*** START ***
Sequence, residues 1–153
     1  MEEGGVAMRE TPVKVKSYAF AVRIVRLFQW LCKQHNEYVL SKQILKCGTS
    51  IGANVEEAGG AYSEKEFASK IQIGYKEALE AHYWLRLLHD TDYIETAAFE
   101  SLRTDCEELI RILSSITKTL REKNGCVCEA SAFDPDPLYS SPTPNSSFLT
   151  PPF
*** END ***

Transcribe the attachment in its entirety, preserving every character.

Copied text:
Sequence, residues 1–153
     1  MEEGGVAMRE TPVKVKSYAF AVRIVRLFQW LCKQHNEYVL SKQILKCGTS
    51  IGANVEEAGG AYSEKEFASK IQIGYKEALE AHYWLRLLHD TDYIETAAFE
   101  SLRTDCEELI RILSSITKTL REKNGCVCEA SAFDPDPLYS SPTPNSSFLT
   151  PPF